Make It From Scratch Baby Food

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Baby products come with major sticker shock.  Of the many hefty baby expenses out there, one that really adds up over time is baby food.

When my son started solid foods at four months of age, I was baffled by the fact that a minuscule jar of mashed bananas — on sale! — cost more than a full-sized banana from the produce department.  For standard Gerber fare, my supermarket wanted to charge me, on a good day, $0.50 per portion of Stage 1 foods, $0.60 per portion of Stage 2 foods, and $0.75 per portion of Stage Stage 3 foods.  The Beech-Nut foods usually hovered around twice that price!

There was no way I was willing tho shell out that much money for groceries when a simple solution would allow me to have high-quality baby food for so much less — making my own baby food.

Besides, isn’t one of the goals of starting your child on solid foods to acclimate him to the foods that you actually eat?  Is it just me, or does banana baby food bear no resemblance to the texture of a banana (even a mashed-up banana) and taste . . . off?  By grinding up the foods you actually eat, you are making the transition to “grown-up” foods so much easier for your little guy!  Fair warning:  After consistently being fed fresh, homemade baby food, my son turns his nose up at the gloppy Gerber stuff!

Let’s dispel a few myths . . .

Myth 1:  It doesn’t save that much money.

The sale price for Gerber Stage 1 bananas in my area comes to $0.30/oz.  With a standard produce department sale however, I can make banana baby food for about $0.02/oz.  That’s right; I can feed my kid one meal of store-bought food or 15 meals of homemade food for the same price.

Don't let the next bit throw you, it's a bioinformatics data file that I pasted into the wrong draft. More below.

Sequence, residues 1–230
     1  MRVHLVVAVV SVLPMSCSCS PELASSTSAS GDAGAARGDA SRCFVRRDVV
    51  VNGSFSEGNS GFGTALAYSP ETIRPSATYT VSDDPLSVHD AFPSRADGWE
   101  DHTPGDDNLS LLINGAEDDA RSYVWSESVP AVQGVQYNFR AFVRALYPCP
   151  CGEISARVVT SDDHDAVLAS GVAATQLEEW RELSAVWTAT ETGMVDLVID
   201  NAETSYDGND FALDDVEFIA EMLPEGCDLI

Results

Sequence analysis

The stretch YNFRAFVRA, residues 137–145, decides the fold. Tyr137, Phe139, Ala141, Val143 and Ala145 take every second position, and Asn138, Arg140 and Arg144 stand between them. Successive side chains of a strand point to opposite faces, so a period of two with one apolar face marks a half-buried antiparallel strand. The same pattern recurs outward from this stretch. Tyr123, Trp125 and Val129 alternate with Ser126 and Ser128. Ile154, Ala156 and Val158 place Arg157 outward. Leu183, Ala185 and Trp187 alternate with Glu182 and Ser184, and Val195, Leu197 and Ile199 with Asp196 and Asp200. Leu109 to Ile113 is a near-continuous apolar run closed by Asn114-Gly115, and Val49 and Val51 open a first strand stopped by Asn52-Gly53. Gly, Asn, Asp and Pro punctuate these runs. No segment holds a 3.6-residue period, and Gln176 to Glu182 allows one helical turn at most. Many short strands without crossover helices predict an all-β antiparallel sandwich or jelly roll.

Myth 2:  It takes too much time.

With the right tools, you can make massive quantities of baby food in no time.  If I devote an hour to the task, I can easily produce five types of baby food totaling in excess of 100 oz.

Myth 3:  You have to start with fresh food.

If I had to shuck ears of corn, my son would rarely eat corn.  However, I can pick up a bag of frozen kernels at about $0.08/oz — still way cheaper than any prepared baby food — and avoid the aggravation of being draped in corn silk and wasting valuable time.

Embrace your store’s freezer section.  You can save hours while still keeping your cash by picking up frozen corn, broccoli, peas, green beans, mango, papaya, raspberries, strawberries, and more.

Myth 4:  Making baby food is too hard.

In my experience, making your own baby food is hard to mess up!  Just follow the steps below for foolproof baby food.

Recommended Tools

The Process

Step 1:  Thaw and/or cook food.

Broccoli in Food Processor

Many fruits (bananas, mangoes, papayas, most berries) can be mashed or puréed from a raw state.  Other foods require cooking to make them safe for consumption and/or to soften them appropriately.  Be sure to cook any meats you are using all the way through.  Check with your pediatrician as needed.

Step 2:  Process food.

Processed Broccoli in Food Processor

Dump a single food item into your food processor and pulse.  You’ll want purées for young babies but can do slightly chunkier food for older kids.  Add water as needed to get the consistency you want.

Step 3:  Portion into freezer trays.

Chicken and Broccoli in Freezer Tray

Pull open your silverware drawer, grab a tablespoon, and scoop your food directly into your freezer trays, filling just about to the top of each well.  If you’re likely to forget which food is which, label them now!

Step 4:  Freeze baby food.

Chicken and Broccoli in Freezer Trays with Lids

Ease your creations into the freezer and allow to set completely.

Step 5:  Unmold and store.

Label your freezer bags, pop your frozen foods out of the freezer trays, and seal them into the bags.  Keep bags in the freezer.

Step 6:  Enjoy!

Before your baby’s meal, pull the desired food cubes from your freezer.  (If possible, leave enough time in advance for the foods to defrost in a dish in the fridge.)  Follow your pediatrician’s recommendations for serving size, allowable foods, and introducing new foods.  With individual ingredients in each cube, you can easily grab yogurt and cherry for breakfast; chicken, carrot, and broccoli for lunch; beef, corn, and peas for dinner!  Introduce allowable spices; try sprinkling some cinnamon over the apple purée you add to your baby’s cereal in the morning.

Tip:  Consider the consistency of your baby food when creating meals.  Puréed berries, for instance, tend to be extremely liquidy, which can make for frustrating mealtime if you try to feed that to your baby as-is.  However, those gooey purées are great when mixed with thicker ingredients like banana, yogurt, baby cereal, and meats.

Have you found success and big savings in making baby food at home?

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